3 months ago I launched a weekend project into the wild called Go Freaking Do It. I meant to write about it sooner but you know how it goes. The project is heavily inspired by Go Fucking Do It created by Pieter Levels. The basic premise of two websites is the same. You define a goal and if you don't reach it, you lose money you bet on the goal.
The main difference between the two is that Go Fucking Do It works with credit cards and a traditional centralized database. And Go Freaking Do It is set up as a decentralized application using Ethereum network as its database and a payment gateway.
I used the project as a way to learn more about Ethereum, Solidity and dApps in general. Overall, I consider the endeavour a success. I learnt about limitations of Ethereum and got much more familiar with Solidity. The project also achieved great recognition by reaching Top 4 place on Hacker News home page and overall got 128 upvotes and ignited a heated discussion with 109 comments.
In the first two days of the launch it also got almost 13,000 visitors, most of it from Hacker News. Out of all these visitors only two people actually used the app though.
Since Go Freaking Do It is a weekend project, the code is not at its finest as one may expect. In fact, there were some important issues discovered in the original Ethereum smart contract and one guy even published an article about these issues titled Don’t “Go Freaking Do It“ - Smart Contract Analysis.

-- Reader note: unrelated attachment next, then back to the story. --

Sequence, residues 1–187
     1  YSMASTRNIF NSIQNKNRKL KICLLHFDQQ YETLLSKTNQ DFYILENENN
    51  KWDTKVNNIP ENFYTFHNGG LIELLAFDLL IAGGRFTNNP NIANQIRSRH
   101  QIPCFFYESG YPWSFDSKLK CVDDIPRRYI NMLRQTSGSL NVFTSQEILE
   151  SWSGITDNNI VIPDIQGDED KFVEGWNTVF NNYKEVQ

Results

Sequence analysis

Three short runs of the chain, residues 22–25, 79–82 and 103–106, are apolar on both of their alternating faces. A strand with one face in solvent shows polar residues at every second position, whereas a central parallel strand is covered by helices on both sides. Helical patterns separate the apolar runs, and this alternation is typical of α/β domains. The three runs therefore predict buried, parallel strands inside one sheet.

Unfortunately, since smart contracts are immutable, there was no easy way to fix these errors. And since the deployment of the contract already cost me close to $100, I was not willing to spend that amount again just on a personal project which I did not expect to make money. Thus, after fixing the errors I decided to kill the previous contract and launch a new one on Rinkeby network only.
Thus, the first lesson is to always thoroughly test the code before deploying it. Overall, I am pretty paranoid on launching a faulty contract into the wild and whenever I work on client projects I make sure to provide extensive test coverage. Evidently, this applies to personal projects too, don't forget that.
The second lesson learnt is that you shouldn't expect an influx of customers from exposure on Hacker News. People may visit your site out of interest but are unlikely to convert. I heard others experiencing the same.
The third lesson I learnt only after the launch and wasting another $100 on server costs running my own Ethereum node on the server. Apparently, one can just use Infura as a way to connect dApp to Ethereum network. Now the server costs me $5/month rather than $50/month. Of course, relying on 3rd party provider may not suit all applications but in this case it's ideal.
Areas of improvement
Since the dApp is just an MVP, there are several things that I would like to improve in it. The first being a React codebase. Currently, most of the application's logic is set up in one
Main.js file. It would be great to separate the logic into separate components for clearer and more maintainable code.
Third, since the project is only an MVP, it does the bare minimum. And as a result, there is no real backend that checks expiring goals automatically and sends email to the supervisor. It would be superb to get this functionality done and avoid checking expiring goals by hand.
I open-sourced all the code on GitHub so if anyone is willing to experiment with the project or make it better, go ahead 😉.